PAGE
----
Apart from the research,  blogging and helping people on online support groups, Mane is actively involved in teaching. He uses a coordinate system while using the computer screen. Very enthusiastically he submits, “I teach web designing and lay outing to both sighted and vision-less students. My students are all doing well and I have high expectations out of them”.


On ICTs and free software

Mane has clear understanding of the role of ICTs and other forms of cognitive technologies in the lives and living of the differently abled people. When asked about his ideas on differently abled people using ICTs, he says, “Desktops and laptops are pretty accessible to blind people. For people with multiple handicaps and disabilities, no such comprehensive ICT tool or service has been developed. Borderline deceptors who show slow learning and cognisance capabilities are not benefited from ICT tools and technologies. So for the slow learners, I suggest other software (sometimes interactive) with higher and better forms of accessibility features and some augmentative cognitive technologies that foster speech, symbolic communication and neural language. Thus, leaving aside the existing ICT tools, there are so many other methodologies that can be opted for the people with lesser abilities”.

Krishnakant is highly optimistic about Orca. Orca, Mane adds “is a free screen-reader software that ensures better accessibility and operational efficiency for the handicapped and mainly for the visually challenged people. Orca is based on a text-to-speech synthesiser system and runs on a GNU Linux platform with a GNU desktop. Orca helps the blind people to navigate desktop on GNU Linux platform with audio feedback”. Krishnakant, while speaking on Orca, adds, “The source code of the software is available and it being a free software gives the user the freedom to modify and customise the commands in accordance with the needs and requirements. Thus, free and open source software have not only given people complete freedom but also access to high-end resources available on the Internet”.

While deliberating upon Orca, Krishnakant states, “The software Orca is developed in Python language. It works with Mozilla for net surfing and can help a blind person read or write e-mails. The software also helps to create well-formatted documents through tools like open office. It can further facilitate social networking through GAIM (also known as Pidgin) interface. GAIM now called Pidgin is an instant messaging client which even a blind person can use to chat with his friends and colleagues”.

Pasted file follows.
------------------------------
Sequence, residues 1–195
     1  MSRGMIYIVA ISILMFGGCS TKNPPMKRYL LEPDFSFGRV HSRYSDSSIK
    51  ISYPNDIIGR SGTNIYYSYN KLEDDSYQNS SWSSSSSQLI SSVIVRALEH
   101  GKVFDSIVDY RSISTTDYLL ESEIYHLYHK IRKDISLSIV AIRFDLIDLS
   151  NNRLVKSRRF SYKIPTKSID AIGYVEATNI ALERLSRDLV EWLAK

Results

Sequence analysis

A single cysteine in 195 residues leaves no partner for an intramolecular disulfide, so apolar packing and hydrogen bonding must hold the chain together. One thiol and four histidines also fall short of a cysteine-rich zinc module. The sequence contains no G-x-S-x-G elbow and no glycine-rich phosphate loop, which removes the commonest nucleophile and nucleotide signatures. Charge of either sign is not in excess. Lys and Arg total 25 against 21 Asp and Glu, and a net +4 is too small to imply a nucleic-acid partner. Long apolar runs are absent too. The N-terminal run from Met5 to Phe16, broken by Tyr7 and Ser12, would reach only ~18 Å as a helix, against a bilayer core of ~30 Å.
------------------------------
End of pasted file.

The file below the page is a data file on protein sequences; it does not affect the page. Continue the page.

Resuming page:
Though Mane has a lot of faith in software and other advanced technologies, yet he doesn’t undermine the human dimension in the process of sharing of knowledge and information, community management and development reorganisation. He affirms, “There is a need to create a people’s network to initiate and implement ICT tools. I have great hopes for the generation to come and the various integrated communication tools will expedite the process of learning, interaction and sharing for the disabled people”.


Mane has clear opinions about free software and strongly critisises the proprietary way of free software. He says, “Free software is not all about cost but about the freedom which every individual is bound to get. One cannot have ease and flexibility with proprietary software because most source codes are inaccessible to the general public. And as the impaired people fall in the lowest rung of socio-economic hierarchy, they are unable to take recourse to the software even if they are resourceful and relevant. Moreover, most of the proprietary software cannot be improvised in accordance with the needs of the disabled”. In a nutshell, Mane is fighting a hard battle for the people with various physical and mental impairments. May Mane’s philanthropic mission as a torch bearer for the differently abled people especially the visually impaired people end up with stupendous success  and honour.